another desperado, and slain in a melee.
An eye-witness says that neither Thomp
son or Fisher tired a shot. It is understood
that Thompson has rectutly been suffering
from insomnia, and was daily becoming
more dissipated and reckless.
Disastrous Fire.
Kalamazoo, March 12.—A fire started j
shortly before noon on the west side of j
the business quarter of the village of j
Allegan, twenty-five miles northwest of
this place, aud under a high west wind
swept through the entire district to the
river, taking every brick store building in
the place, except the Chaffee Hotel and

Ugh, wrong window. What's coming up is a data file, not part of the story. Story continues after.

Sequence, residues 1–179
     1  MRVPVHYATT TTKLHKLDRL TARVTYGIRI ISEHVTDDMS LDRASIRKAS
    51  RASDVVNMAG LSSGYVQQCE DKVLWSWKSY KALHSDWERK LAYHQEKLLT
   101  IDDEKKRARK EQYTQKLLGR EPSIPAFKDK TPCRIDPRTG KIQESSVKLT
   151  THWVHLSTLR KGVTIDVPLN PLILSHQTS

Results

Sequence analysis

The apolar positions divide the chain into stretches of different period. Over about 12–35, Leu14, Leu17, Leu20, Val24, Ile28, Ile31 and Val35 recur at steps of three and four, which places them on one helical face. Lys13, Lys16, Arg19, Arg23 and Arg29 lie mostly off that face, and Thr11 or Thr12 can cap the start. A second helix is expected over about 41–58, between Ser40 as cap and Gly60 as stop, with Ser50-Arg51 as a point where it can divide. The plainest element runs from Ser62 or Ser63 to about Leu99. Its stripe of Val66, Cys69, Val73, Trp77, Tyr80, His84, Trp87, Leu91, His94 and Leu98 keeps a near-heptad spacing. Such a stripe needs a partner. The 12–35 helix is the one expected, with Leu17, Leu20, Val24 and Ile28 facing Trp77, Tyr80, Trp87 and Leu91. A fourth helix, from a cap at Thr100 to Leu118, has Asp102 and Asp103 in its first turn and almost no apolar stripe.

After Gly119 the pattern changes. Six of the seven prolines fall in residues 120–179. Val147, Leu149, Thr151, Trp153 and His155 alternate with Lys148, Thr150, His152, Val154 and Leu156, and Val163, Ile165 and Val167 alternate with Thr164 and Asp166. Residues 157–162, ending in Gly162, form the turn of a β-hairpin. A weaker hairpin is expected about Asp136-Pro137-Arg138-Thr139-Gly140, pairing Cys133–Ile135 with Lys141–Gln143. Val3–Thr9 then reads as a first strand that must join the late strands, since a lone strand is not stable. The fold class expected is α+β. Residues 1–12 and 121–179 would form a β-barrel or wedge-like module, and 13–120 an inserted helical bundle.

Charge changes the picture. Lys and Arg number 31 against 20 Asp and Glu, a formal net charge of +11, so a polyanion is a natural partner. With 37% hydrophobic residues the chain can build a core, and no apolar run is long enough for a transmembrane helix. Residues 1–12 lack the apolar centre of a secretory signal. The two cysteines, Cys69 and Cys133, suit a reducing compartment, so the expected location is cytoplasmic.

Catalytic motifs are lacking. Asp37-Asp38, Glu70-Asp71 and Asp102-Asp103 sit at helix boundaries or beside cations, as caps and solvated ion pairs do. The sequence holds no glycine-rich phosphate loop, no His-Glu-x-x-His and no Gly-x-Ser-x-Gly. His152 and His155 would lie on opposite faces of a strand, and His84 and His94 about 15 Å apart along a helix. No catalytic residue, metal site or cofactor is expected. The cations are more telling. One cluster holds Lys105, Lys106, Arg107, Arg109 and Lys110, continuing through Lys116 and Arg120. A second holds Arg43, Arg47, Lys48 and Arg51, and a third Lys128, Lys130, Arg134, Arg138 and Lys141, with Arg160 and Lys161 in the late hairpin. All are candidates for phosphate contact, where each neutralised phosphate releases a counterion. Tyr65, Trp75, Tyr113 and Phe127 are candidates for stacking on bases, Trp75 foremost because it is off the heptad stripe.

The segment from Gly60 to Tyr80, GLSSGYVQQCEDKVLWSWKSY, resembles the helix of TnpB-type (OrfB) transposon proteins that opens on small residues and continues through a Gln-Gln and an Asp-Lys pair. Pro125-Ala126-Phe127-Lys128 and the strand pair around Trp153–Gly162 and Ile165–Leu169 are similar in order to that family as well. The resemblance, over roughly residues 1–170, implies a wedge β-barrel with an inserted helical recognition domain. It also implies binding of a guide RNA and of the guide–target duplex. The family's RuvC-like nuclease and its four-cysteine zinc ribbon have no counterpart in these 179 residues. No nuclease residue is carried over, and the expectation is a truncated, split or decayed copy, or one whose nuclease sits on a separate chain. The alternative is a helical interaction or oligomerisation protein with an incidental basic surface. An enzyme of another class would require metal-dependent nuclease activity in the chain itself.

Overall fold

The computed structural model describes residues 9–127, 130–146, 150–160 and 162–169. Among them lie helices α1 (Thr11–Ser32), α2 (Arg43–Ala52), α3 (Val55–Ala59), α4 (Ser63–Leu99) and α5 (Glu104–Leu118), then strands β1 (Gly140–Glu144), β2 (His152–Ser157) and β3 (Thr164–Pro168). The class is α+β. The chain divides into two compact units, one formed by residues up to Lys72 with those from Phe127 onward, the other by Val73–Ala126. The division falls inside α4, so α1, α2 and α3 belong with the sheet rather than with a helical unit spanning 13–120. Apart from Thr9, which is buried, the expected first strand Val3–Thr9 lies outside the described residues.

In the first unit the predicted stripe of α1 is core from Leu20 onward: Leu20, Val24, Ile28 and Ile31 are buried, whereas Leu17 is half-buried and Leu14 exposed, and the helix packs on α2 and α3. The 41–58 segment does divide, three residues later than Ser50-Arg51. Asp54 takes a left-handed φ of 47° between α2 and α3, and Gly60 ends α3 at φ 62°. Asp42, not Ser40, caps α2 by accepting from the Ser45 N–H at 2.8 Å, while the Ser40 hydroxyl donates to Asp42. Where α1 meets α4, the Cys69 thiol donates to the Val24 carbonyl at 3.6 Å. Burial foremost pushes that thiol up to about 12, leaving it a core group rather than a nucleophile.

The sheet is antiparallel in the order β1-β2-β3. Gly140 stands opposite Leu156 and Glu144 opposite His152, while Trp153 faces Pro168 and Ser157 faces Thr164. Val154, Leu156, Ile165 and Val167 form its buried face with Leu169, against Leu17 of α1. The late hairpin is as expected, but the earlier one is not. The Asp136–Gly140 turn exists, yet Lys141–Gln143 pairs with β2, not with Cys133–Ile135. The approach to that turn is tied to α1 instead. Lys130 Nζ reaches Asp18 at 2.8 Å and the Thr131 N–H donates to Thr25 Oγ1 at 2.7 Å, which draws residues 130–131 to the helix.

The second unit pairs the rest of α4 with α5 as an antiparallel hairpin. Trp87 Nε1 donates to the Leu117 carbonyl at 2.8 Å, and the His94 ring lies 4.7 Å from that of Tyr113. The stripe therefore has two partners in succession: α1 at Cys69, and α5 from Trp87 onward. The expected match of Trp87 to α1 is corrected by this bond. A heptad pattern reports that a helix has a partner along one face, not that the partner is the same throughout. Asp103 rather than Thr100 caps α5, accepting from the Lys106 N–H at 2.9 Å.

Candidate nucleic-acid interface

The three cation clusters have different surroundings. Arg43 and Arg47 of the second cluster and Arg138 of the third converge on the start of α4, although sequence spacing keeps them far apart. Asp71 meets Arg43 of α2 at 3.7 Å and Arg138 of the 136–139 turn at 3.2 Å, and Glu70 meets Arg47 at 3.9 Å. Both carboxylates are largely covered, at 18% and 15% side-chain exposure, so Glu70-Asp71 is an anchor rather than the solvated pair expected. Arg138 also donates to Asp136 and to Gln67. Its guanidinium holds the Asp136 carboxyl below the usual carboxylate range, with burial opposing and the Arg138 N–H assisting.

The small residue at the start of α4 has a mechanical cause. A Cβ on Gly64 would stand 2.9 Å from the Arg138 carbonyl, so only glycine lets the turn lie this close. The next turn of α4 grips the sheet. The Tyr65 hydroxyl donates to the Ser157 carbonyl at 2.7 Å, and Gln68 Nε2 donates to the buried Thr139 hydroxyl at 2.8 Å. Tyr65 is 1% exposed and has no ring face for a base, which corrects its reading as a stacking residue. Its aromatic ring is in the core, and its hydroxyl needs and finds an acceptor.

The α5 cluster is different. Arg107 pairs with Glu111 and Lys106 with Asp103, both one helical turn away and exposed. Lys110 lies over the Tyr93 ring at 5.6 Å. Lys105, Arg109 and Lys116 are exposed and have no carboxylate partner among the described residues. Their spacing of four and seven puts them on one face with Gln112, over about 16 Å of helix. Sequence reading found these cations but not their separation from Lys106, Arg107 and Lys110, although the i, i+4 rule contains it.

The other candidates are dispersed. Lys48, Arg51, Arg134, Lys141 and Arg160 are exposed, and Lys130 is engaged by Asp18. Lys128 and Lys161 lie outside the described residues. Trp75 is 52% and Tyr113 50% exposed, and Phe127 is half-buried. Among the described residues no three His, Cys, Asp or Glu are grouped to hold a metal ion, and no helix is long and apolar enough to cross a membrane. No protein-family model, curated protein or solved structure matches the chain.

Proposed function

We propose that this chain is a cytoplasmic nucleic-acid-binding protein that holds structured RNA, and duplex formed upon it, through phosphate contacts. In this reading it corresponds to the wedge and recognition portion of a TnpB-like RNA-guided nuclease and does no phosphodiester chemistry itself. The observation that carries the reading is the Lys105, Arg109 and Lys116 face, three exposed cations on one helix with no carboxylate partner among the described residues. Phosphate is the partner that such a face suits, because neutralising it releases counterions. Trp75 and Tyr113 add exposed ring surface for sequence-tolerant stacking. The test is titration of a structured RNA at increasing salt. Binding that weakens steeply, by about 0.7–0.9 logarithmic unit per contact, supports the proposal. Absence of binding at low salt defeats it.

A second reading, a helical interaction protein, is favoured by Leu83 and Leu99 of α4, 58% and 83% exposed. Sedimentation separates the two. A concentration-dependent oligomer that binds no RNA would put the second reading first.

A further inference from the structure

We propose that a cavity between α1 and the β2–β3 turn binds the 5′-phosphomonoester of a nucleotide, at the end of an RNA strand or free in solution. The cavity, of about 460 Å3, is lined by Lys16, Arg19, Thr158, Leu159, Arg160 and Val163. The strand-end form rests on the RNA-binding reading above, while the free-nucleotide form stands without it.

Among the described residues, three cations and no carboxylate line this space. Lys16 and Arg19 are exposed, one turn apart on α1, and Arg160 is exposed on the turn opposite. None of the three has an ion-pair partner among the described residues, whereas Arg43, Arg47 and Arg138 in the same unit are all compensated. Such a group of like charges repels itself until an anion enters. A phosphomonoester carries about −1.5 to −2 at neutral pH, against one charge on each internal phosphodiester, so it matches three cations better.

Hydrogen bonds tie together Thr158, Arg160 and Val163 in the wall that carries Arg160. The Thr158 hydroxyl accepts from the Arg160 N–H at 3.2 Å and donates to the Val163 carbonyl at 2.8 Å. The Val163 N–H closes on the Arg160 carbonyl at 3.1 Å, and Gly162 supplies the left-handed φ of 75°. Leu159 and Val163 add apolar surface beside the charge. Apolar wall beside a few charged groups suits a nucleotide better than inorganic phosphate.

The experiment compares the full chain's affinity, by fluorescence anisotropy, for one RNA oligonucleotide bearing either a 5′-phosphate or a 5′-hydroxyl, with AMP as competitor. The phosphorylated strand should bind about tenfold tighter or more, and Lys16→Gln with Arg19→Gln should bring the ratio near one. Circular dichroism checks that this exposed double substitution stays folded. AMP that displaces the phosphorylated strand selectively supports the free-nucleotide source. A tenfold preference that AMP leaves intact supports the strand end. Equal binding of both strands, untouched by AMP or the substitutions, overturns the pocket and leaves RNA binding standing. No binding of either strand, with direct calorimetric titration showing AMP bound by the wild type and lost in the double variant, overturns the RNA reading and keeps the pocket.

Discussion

Peck's bank building. The fire had run
its course in two Lours. The aggregate
loss is estimated at between $400,000 and
$500,000; insurant:?, $150,000. Among
the business places burned was the »Sher
man House, First National Bank aud three
newspaper offices, the Journal, Gazette and
A Town Destroyed by Fire.
Philadelphia, March 12. — Captain
Wyhe arrived here to-day and reports
.almost the entire destruction by fire of
Port Spain, Trinidad. The loss is esti
mated at over $40.000. The tire origi
nated in the Union Club House, and in a
short time the whole southeastern portion
ot the town was in flames. The principal
hotel and dry goods establishment was en
tirely destroyed. They were w ell insured
in English offices. There is no fire de
partment in the place and the flames sub
sided when everything was consumed.
Deep Snow.
Montreal, March 12. —The Canadian
Facific train from Ottawa »Saturday ar